Stocks opened broadly lower on Friday and collapsed into the close, states Jon Markman, tech sector expert, and editor of Strategic Advantage.

The S&P 500 (SPX) finished at 4,397, down 1.9%. The decline capped 5.7% in losses last week and leaves the benchmark S&P 500 below the 200-day moving average at 4,429. The next important support level is the October 2021 low at 4,300. I am a strong advocate of following trends, yet it is important to remember the biggest stock market rallies happen within the context of bearish trends. Big downdrafts create vacuums that often suck shares sharply higher as bears rush to cover short positions.

Keep this in mind as the Federal Reserve meets on Tuesday and Wednesday, and earnings reports begin to roll for the likes of Apple (AAPL), Tesla (TSLA), and Microsoft (MSFT). No promises, but sentiment is so extreme that it could be time for late-coming short-sellers to have their knuckles rapped. There is overhead resistance for the S&P 500 at 4,500 and 4,550.

The Nasdaq fell 2.7% to 13,768.92, taking its loss this month to 12%. The Dow declined 1.3% to 34,265.37, finishing at session lows alongside the other major indexes. Breadth favored decliners 7-1, and there were 1691 new lows vs new highs 22. Big caps on the new high list included Procter & Gamble (PG), PepsiCo (PEP), Mondelez International (MDLZ), American Electric Power Company (AEP), and Hershey Company (HSY). That's a very defensive vanguard.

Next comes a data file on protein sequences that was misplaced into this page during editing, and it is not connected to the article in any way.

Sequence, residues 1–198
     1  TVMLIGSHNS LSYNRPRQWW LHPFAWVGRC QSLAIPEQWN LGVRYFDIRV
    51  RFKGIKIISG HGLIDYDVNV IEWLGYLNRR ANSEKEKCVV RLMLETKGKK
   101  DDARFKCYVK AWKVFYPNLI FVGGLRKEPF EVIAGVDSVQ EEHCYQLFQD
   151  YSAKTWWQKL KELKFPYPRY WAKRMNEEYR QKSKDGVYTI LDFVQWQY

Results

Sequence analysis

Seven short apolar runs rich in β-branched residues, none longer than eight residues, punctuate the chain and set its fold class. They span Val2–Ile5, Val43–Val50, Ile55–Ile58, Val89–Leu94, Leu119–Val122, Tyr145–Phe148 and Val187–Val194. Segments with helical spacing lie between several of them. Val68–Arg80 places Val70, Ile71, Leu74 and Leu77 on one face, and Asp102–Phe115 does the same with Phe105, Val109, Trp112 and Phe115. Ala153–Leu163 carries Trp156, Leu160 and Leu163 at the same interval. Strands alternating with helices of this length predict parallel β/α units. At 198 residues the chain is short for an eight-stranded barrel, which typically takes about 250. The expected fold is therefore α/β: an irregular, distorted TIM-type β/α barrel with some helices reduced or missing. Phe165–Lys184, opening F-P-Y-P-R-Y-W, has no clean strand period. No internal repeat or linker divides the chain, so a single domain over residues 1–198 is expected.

The 10-year US Treasury yield fell nine basis points to 1.75%, from the vicinity of a two-year high. West Texas Intermediate crude oil retreated $1.01 to $84.54 per barrel after setting a seven-year high above $89 Wednesday. Netflix (NFLX) shares plummeted 22% after the leading provider of streamed entertainment reported disappointing quarterly subscriber growth and provided forward guidance below estimates despite a new price hike in the US and Canada.

The Conference Board's Leading Economic Index rose 0.8% for December, and the group forecast US economic growth of 3.5% this year despite the expected slowdown to a 2.2% annualized rate in the first quarter.

The US leading indicators gauge "ended 2021 on a rising trajectory, suggesting the economy will continue to expand well into the spring," said Ataman Ozyildirim, senior director of economic research at the Conference Board.

Friday's decline was US stocks' 11th in the new year's first 14 sessions, against the backdrop of inflation at 40-year highs and rapid shift to monetary policy tightening, even as the pandemic continues to slow growth.

The Federal Reserve's rate-setting panel is likely to meet market expectations for a 25-basis-point rate hike in March by signaling that increase January 26 at the end of its two-day meeting. Another key issue for the Fed is the pace at which it will start to draw down its debt holdings, with guidance on that issue also possible next week, according to the note.

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